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The First Prize is Murder: Analysis of Shirley Jackson’s “The Lottery”

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“The Lottery” by Shirley Jackson is a shocking short story which occurs in the unlikeliest of settings, a small village with a population of 300 people, for violence that is not restricted but rather, implemented by an outdated tradition which highlights both hypocrisy and fanaticism.  Therefore, for a story of its length, it unravels intricate themes such as violence, hypocrisy, tradition and fanaticism.

  Jackson has delivered a fictional town annual lottery which chills the bones because of the villagers’ strong belief in it that they fail to question the merits of the practice.  What increases the shock generated by the story is the way people act during the lottery, as if it is the most commonplace practice in the world. The line “in some towns there were so many people that the lottery took two days and had to be started on June” (Jackson) suggests that there are, after all, many other towns which practice the same lottery.

            When talking about small towns or villages, the first thing that comes to mind for some people is tradition; tradition in this way is thought of as something old-fashioned, something grandparents pass on to grandchildren, or parents to children.  However, in “The Lottery” the tradition is dark for a village wherein the people themselves make decisions – it involves murder which has been agreed on by the whole village.

Of course, whenever there is a tradition, there will always be people questioning traditions:  “”Some places have already quit lotteries.” Mrs. Adams said. “Nothing but trouble in that,” Old Man Warner said stoutly. “Pack of young fools.”(Jackson)” In this case though, the word of the elders is still the law.  It doesn’t matter if some people feel that it is wrong, it is what the elders including the younger generations, have become used to.  The people are more afraid of changing what they are used to than of participating in the lottery itself.

            Tradition has given way to fanaticism.  This is not merely a case of passing on heritage; the villagers believe that the lottery is right without critically analyzing its pros and cons.  Fanaticism refers to behavior that ensues from “excessive enthusiasm and often uncritical devotion” (Merriam-Webster Online Dictionary); such behavior is displayed by the villagers.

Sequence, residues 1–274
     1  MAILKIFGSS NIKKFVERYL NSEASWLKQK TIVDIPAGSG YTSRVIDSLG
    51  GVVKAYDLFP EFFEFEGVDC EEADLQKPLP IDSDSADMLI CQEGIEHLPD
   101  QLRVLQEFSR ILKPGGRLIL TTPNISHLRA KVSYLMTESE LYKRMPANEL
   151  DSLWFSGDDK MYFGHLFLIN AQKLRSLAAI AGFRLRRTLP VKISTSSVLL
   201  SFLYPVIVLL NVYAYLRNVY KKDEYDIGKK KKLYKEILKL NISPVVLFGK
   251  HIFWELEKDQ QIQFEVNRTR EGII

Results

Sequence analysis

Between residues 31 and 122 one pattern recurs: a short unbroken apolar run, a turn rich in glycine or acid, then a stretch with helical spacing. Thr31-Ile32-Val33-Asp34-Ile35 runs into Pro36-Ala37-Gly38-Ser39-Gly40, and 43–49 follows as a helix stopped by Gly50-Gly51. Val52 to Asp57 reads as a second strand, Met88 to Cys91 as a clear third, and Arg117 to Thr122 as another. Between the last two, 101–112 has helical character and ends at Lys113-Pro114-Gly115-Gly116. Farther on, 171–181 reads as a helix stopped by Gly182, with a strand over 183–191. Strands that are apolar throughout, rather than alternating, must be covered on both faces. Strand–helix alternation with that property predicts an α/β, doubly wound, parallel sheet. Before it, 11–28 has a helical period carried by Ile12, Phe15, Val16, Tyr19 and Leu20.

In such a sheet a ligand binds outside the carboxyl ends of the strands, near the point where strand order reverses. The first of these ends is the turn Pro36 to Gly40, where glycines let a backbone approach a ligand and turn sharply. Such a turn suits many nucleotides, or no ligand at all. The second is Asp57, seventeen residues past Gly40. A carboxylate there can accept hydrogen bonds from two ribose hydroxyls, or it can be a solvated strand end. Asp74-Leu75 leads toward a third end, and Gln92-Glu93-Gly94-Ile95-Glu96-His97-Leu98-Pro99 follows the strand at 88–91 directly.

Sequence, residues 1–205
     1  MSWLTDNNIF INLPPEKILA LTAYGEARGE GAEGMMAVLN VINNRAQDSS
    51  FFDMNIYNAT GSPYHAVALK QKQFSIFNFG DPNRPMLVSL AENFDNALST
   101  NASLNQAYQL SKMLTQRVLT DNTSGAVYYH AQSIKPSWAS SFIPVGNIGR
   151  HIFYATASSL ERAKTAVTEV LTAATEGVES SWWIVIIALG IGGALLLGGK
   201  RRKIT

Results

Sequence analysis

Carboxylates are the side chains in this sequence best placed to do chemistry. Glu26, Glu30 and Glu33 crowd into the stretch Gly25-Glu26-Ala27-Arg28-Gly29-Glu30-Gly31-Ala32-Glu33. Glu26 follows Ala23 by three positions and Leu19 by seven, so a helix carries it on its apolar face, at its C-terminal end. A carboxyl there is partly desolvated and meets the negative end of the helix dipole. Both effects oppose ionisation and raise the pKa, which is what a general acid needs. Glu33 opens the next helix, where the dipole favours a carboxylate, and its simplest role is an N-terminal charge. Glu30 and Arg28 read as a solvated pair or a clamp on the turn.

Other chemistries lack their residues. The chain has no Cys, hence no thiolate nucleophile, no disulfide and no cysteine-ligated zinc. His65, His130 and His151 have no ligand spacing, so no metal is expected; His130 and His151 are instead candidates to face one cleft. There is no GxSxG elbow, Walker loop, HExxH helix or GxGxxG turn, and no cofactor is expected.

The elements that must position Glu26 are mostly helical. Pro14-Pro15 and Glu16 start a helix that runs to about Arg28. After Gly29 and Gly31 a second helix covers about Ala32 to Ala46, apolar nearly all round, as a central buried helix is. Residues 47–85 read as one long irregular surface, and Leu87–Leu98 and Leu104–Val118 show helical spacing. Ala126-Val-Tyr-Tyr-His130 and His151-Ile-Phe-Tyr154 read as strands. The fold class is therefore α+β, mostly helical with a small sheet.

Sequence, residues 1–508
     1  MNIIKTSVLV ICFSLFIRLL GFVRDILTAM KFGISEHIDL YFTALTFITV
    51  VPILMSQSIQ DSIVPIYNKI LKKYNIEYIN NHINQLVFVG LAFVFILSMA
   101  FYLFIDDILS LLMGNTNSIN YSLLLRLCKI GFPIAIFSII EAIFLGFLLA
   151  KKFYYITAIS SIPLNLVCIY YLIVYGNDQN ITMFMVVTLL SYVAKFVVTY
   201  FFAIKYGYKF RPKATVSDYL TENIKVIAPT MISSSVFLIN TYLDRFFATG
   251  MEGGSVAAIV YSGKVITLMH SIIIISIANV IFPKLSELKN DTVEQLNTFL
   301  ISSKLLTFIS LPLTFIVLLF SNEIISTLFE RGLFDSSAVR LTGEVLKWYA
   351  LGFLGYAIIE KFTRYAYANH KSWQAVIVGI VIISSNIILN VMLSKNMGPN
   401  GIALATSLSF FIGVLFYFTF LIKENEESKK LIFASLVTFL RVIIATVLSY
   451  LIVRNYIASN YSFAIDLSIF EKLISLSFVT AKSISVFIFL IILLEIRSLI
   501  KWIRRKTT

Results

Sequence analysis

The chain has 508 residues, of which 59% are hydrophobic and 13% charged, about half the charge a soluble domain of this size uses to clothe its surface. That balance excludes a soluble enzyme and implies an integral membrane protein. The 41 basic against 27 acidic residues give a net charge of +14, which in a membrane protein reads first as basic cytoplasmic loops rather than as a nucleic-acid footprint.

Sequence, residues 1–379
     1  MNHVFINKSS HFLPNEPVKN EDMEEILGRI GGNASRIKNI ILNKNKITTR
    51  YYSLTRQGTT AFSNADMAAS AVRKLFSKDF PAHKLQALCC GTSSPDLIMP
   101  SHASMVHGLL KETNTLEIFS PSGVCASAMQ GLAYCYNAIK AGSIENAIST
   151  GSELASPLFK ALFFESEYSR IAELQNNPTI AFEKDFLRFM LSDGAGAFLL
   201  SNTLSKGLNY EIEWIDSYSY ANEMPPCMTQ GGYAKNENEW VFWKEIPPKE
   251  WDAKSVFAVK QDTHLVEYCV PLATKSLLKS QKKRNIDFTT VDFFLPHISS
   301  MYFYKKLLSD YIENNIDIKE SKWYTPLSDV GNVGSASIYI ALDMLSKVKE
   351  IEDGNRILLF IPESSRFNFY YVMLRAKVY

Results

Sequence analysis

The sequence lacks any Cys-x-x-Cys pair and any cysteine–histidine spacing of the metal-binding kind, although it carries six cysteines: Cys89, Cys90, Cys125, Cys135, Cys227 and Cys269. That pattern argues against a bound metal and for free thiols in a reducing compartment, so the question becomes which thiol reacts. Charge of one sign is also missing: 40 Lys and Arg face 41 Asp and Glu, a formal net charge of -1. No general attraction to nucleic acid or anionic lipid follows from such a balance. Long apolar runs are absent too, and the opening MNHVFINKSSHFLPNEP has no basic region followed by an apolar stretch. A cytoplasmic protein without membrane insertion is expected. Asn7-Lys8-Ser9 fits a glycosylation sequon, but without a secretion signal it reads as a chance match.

“Although the villagers had forgotten the ritual and lost the original black box, they still remembered to use stones. The pile of stones the boys had made earlier was ready; there were stones on the ground with the blowing scraps of paper that had come out of the box Delacroix selected a stone so large she had to pick it up with both hands and turned to Mrs. Dunbar. “Come on,” she said. “Hurry up.”(Jackson)”

Though the villagers no longer use the original box, they try to be true to the original “ritual” and still subject the “lottery winner” to a slow and painful death from stoning.  Mrs. Dunbar, like the rest of the villagers, seems to be excited and enthusiastic to perform the part where they give the “lottery winner” the prize, which is death through stoning.  There is no empathy for the victim here; only the victim or as he or she is called, the “lottery winner” realizes that the lottery is wrong:  “”It isn’t fair, it isn’t right,” Mrs. Hutchinson screamed, and then they were upon her” (Jackson).

            Even though the villagers in “The Lottery” appear to be amoral because of their outward indifference towards the results of their annual lottery to the “winner”, they are still guilty of hypocrisy and duality.  Before the lottery is drawn, the villagers look upon Mrs. Hutchinson/Tessie with some humor.  This means that she is still part of the community, part of the decision-making.  At the end of the story, the other villagers will not be listening to her cries.   “Mr. Summers, who have been waiting, said cheerfully, “Thought we were going to have to get on without you, Tessie,”” (Jackson).

In retrospect, after having known what the lottery really entails, this dialogue is sinister.  Though Tessie is greeted pleasantly despite the fact that she is the only one late for the lottery, Mr. Summers’ worry about Tessie not being there can be interpreted as worrying that the rightful victim will be absent during the time of the lottery.  Moreover, the lottery is obviously an event that is better missed than promptly attended.  It is ironic or perhaps even prophetic that Tessie seems not be in a rush to attend the lottery; she has even forgotten its date.

            Violence is a major theme in the story.  The violence is emphasized by the fact that it happens in a place where people seem to be peaceful and united.  The lottery is almost like an outlet for the passive and docile villagers.  Beneath the calm and picture perfect small town, murder is routine and given the explanation of being part of tradition, of a lottery.

            Shirley Jackson produces a strange and shocking tale of unquestioned violence marked in tradition and contained in a community where people who laugh with you at one moment will kill you on the next.

Works Cited

Jackson, Shirley. “The Lottery.” American Literature. 2 February 2008


Merriam-Webster Online Dictionary. 2 February 2008 <http://www.merriam-


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